In defense of the GOP and Mitch McConnell (and before anyone chastises me for that, hear me out), it’s not realistic to think that anyone actually reads all the legislation that gets voted on.
That’s a truly absurd state of affairs, but the fact is, lawmakers tunnel on what’s important to their constituents (that’s part of holding public office) and what we end up with is slapdash public policy.
In a way, it’s all crowd sourced. You cobble something together and hopefully, it ends up representing the general public interest by virtue of the fact that self-preservation requires lawmakers to fight for/against whatever parts of a given piece of legislation impact their constituents. Of course crowd sourcing is inherently flawed and when you introduce partisanship into the equation, the whole thing becomes a giant cluster fuck. Meanwhile, it’s incumbent (get it?) on party leaders to take a kind of 30,000 foot view of things in an effort to push for legislation that subjugates narrowly-construed, local interests to the broader party agenda (i.e. in-line with the donors).
Given all of that, the fact that no one actually read the tax cut bill that barely passed the Senate in the wee hours of Saturday morning and the fact that the legislation is clearly aimed at advancing the interests of corporations and the wealthy isn’t exactly a surprise. No one reads this shit save for the parts that matter to their constituents and Republicans control the government. Therefore, we got what we got: a tax cut bill that disproportionately benefits corporate America and the rich and that seeks, once again, to give trickle down economics a try even though history shows it never fucking works.
So when I say “in defense of the GOP and Mitch McConnell”, all I mean is that you can spare me the incredulity because everyone knew this was coming and there’s nothing “new” about the process.
Neither, by the way, is there anything particularly shocking about the fact that a party full of purported deficit hawks advanced a piece of legislation that balloons the deficit. These party-line “principles” get tossed out the window when political expediency requires it, and that goes for both Republicans and Democrats.
Ok, with all of that said, this was a particularly egregious example of a dynamic that is ubiquitous. For one thing, this is a pretty big piece of legislation, so if ever there were a time when everyone should take a breather and actually read the damn thing, this was it. Further, this looks like it was even more farcical than usual. Have a look at these tweets:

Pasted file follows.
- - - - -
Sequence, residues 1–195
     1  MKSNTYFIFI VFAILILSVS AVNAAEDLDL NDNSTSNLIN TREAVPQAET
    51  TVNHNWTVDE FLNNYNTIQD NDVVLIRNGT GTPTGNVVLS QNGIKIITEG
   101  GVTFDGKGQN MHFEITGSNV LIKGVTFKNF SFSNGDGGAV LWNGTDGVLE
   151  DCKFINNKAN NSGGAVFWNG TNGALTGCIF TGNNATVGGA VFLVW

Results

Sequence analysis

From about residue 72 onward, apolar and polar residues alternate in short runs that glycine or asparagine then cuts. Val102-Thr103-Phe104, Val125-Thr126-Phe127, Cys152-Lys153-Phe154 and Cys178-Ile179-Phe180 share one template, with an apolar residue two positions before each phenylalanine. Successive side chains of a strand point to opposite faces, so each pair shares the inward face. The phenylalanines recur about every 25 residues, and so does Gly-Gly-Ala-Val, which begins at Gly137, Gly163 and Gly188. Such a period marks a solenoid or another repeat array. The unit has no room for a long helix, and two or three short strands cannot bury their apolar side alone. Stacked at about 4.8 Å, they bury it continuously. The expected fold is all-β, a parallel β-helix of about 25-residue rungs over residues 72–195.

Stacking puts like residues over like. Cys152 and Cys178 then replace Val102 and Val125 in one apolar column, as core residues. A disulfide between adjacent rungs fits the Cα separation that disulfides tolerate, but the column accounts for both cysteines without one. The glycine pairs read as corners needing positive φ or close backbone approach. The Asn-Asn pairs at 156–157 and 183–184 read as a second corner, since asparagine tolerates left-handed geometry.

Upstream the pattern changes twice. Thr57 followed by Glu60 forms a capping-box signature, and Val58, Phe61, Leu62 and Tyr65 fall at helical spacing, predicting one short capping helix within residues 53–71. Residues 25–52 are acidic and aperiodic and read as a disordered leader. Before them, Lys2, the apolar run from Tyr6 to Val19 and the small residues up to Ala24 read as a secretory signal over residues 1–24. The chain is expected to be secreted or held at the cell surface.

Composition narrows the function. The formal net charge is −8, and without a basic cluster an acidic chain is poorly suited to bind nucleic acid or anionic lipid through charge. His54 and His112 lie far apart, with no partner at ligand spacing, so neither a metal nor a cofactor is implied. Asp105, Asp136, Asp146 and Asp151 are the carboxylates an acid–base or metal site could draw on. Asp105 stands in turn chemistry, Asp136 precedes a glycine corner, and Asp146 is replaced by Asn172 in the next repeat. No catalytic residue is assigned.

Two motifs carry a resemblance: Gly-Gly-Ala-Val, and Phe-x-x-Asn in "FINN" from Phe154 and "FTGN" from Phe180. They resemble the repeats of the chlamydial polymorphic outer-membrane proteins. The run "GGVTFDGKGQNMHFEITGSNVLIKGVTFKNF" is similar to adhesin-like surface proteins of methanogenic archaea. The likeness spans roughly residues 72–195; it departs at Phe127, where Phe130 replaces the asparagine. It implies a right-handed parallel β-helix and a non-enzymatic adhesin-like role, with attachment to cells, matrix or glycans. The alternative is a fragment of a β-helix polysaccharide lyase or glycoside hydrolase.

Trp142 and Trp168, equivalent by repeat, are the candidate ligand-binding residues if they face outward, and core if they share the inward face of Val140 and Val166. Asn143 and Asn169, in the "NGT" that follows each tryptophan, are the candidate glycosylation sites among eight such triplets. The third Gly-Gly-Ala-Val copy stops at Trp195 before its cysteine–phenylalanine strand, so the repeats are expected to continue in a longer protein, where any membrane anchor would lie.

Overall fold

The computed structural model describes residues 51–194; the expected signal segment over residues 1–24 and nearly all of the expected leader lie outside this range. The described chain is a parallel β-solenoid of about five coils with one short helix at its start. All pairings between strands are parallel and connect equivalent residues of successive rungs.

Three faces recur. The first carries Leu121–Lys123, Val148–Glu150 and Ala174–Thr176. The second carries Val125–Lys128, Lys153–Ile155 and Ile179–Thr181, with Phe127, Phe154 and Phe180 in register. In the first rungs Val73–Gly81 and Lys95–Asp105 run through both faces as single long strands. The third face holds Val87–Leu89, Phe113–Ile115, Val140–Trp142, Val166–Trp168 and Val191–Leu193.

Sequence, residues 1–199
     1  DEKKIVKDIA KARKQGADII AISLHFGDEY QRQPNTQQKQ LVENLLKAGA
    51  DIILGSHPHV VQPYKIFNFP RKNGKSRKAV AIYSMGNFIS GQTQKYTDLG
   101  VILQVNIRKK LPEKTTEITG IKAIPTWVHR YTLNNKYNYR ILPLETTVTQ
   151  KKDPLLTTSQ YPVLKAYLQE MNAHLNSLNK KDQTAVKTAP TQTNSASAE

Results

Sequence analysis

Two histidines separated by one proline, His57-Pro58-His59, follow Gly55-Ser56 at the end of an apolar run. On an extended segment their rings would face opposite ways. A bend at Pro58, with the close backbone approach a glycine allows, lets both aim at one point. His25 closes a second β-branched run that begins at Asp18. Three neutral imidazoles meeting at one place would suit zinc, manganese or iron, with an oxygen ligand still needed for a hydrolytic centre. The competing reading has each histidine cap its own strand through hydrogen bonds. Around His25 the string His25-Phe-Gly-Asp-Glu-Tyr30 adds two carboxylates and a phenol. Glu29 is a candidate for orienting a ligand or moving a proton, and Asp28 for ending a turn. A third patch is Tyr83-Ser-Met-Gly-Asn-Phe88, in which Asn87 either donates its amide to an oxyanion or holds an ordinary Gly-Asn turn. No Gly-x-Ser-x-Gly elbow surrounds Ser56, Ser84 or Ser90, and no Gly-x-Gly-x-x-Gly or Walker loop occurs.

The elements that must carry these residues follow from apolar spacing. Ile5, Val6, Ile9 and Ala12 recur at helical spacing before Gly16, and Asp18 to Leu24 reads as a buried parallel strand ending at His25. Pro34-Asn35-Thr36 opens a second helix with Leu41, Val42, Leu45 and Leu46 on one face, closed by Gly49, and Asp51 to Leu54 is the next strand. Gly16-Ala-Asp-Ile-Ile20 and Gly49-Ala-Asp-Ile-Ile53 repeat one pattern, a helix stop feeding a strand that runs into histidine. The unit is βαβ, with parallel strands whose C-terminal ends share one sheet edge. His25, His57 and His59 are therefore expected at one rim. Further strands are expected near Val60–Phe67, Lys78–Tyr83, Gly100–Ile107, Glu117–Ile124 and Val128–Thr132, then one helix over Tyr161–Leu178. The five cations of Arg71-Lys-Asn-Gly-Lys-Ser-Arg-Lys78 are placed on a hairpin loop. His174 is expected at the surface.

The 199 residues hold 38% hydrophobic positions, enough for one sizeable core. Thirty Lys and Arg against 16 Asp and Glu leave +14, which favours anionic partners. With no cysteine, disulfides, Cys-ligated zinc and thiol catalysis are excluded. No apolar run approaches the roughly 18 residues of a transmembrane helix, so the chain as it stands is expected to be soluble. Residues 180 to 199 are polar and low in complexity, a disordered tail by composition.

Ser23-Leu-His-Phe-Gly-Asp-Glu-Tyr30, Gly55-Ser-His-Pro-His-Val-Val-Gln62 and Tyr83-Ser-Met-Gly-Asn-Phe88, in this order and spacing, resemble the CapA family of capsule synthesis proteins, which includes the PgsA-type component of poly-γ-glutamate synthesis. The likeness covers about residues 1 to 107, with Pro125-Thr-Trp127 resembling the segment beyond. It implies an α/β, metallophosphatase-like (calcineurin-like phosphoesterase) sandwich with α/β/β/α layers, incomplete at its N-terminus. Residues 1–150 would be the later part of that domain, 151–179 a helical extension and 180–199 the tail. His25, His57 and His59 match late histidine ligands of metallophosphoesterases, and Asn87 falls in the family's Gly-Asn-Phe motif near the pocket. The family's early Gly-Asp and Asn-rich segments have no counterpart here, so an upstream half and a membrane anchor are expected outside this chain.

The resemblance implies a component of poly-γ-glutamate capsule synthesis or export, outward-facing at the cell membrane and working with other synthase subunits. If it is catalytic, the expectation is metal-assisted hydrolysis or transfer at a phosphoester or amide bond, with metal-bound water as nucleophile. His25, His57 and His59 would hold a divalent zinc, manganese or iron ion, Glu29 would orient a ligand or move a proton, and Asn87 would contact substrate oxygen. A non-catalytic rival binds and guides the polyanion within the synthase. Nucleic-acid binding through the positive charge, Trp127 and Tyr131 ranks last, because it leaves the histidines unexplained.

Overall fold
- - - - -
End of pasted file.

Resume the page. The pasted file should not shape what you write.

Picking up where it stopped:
— Senator Dick Durbin (@SenatorDurbin) December 1, 2017
They are scribbling changes in the margins. What could possibly go wrong. https://t.co/dXtHjc1JDm
— Brian Schatz (@brianschatz) December 1, 2017
— Senator Dick Durbin (@SenatorDurbin) December 2, 2017
So much for regular order! Oh yeah sure, we'll have plenty of time to read the final GOP tax bill – if you can make out the scribbled handwriting snuck into this massive, unsearchable PDF. #GOPTaxScam pic.twitter.com/a64mNovvHQ
— Senator Bob Menendez (@SenatorMenendez) December 1, 2017
.@SenateMajLdr, if you are so intent on forcing middle class families to foot the bill so your donors can have a tax break, at least have the decency to find a printer. #GOPTaxScam pic.twitter.com/qFkfaru6ml
— Nancy Pelosi (@NancyPelosi) December 1, 2017
I was just handed a 479-page tax bill a few hours before the vote. One page literally has hand scribbled policy changes on it that can’t be read. This is Washington, D.C. at its worst. Montanans deserve so much better. pic.twitter.com/q6lTpXoXS0
— Senator Jon Tester (@SenatorTester) December 2, 2017
Ultimately, we shouldn’t act like this is a surprise, but on the other hand, we certainly shouldn’t pretend like this is something that is acceptable from our elected officials. This is a complete and utter debacle, and everyone (including the GOP) damn well knows it.
The only thing that matters here is getting this thing done by the end of the year so Trump and Republicans don’t have to suffer the embarrassment of having to admit they didn’t get a single thing done in 2018.
That is not a good excuse for doing a half-assed job when it comes to passing a tax plan that literally no one besides corporations likes or really even wants in the first place and that pretty much every nonpartisan analysis has shown is doomed to fail.